Grain vs Grass-fed - What type of meat should we be eating?

In an attempt to learn all about our food; be more conscious of where it came from, how it was prepared and what was added to it – we have developed an interest in what the farmers are actually using to feed livestock.

Why should we be interested? 

Essentially the theory is that we also ingest the food/nutrients (and chemicals) that our food consumes. Similar to mercury in certain fish, the nutrient content of meat varies depending on the diet it has been fed.

Most people believe that it’s a black and white kind of situation. Grain-fed = less nutrients. Grass-fed = nutrient rich, including higher omega-3 content. It isn't quite that simple. 


The truth

There are many factors that influence the nutrient content of meat.

A large study conducted by the Cooperative Research Centre for Sheep Industry Innovation examined over 2000 lambs per year across 8 different sites in Australia. They were tested to assess the impact of different production factors on iron, zinc and omega-3 content.


Iron content.

For lamb, the iron content is mostly affected by age. The older the animal, the higher the iron content – on average, it’s just over double (2.1mg/100g vs 4.3mg/100g).


Zinc content.

Zinc content remained fairly consistent across all sites, showing us that diet and farming techniques have a lesser impact on this nutrient.


Omega 3 content.

Predominately determined by the nutritional quality of the feed. Omega-3 levels ranged greatly from 11mg -112mg/100g of EPA, DHA, and DPA.

Undoubtedly, grass-fed meat contains a higher level of omega-3s as this content declines with the use of a grain-based diet.

A typical feedlot

A typical feedlot

Grass fed vs grain-fed vs grain-finished

 A grass-based diet appears to produce more nutrient dense meat. However, there are three ways that an animal can be fed. In Australia, it’s standard practice to raise animals on grass-fed diets, until they’re sent to feedlots and fed a grain-based diet. This is called ‘grain-finished’. The length of time they consume the grains depends on market requirements for quality and supply, as well as seasonal conditions.

A totally grain-fed diet means the animal is fed a special diet designed to meet their nutritional needs (proteins, fats and carbs) using a range of different ingredients to keep the animal healthy. Typical ingredients include wheat, barley, sorghum, protein from lupins and field peas, and by-products of cottonseed and canola; mixed with silage or hay. 

Grass-fed means they eat a diet of whatever grass is available on the farm ground. The animals forage for their food, similar to how they would in the wild.


Grass isn’t the same grass everywhere.

 As a result of this ad libitum diet, the nutrient content of their food, and therefore, the meat we consume, varies widely. Seasonal variation and type of grass alters the nutrients that the animal can consume. For example, pasture such as lucerne tends to have a higher omega-3 content because it has higher levels of chloroplasts (rich in precursors of ALA). ALA is then converted to omega-3 in the animal’s rumen.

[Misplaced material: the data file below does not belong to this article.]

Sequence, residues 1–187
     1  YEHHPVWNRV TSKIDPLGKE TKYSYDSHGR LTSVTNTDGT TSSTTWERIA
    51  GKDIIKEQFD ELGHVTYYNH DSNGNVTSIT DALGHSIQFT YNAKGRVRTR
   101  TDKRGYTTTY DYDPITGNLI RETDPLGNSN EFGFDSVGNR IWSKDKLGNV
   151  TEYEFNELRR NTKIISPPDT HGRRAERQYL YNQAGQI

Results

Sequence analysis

So what do we choose?


Overall it seems completely grass-fed (pasture-fed) is the most nutrient dense choice. Especially if you’re trying to get more omega-3s in your diet; which I highly recommend for a host of health benefits I won’t cover here.

In Australia we are lucky, as ‘grain-finished’ is the most common practice. We’re lucky, because studies show that the omega-3 content of the meat is determined by the overall diet.

For example, if the animal was feeding on grass most of it’s life, then ate grains for a number of days. The overall content of omega-3s is still going to be good, despite a small decline. Compared to an animal that had only fed on grains – typical in many other countries.


So then, what about organic vs grass-fed?

Ultimately, grass-fed organic meat is going to be the top choice. But if you need to choose, I’d opt for grass-fed over organic. My reasoning: Simply put, ‘organic’ doesn’t always indicate a higher nutrient density for meat (and other products), whereas studies show grass-fed does. Organic grass-fed meat means, for the most part, you'll be supporting a farm that looks after its animals, allows them to graze and live as naturally as possible, and consume a diet it was meant to eat. Ultimately resulting in a more sustainable, ethical way to farm, and more nutrient-dense end products. The higher price is worth it. 



A side note on grain-feeding

A grainy misconception: Many vegans and animal rights activists suggest cutting down on our meat intake as they are fed grains and legumes that could be consumed by us, and therefore cost us space and money on crops we could otherwise be eating. This isn’t true, in Australia at least. Grain-feeding means supplementing the grass based diet with grains, hay, legumes, crop residues or oil-seed by-products. These are all second grade crops unsuitable for human consumption.




Source: Williams, P, Droulez V. Australian Red Meat Consumption - implications of changes over 20 years on nutrient composition. Food Australia 2010; 62[3]:87-94.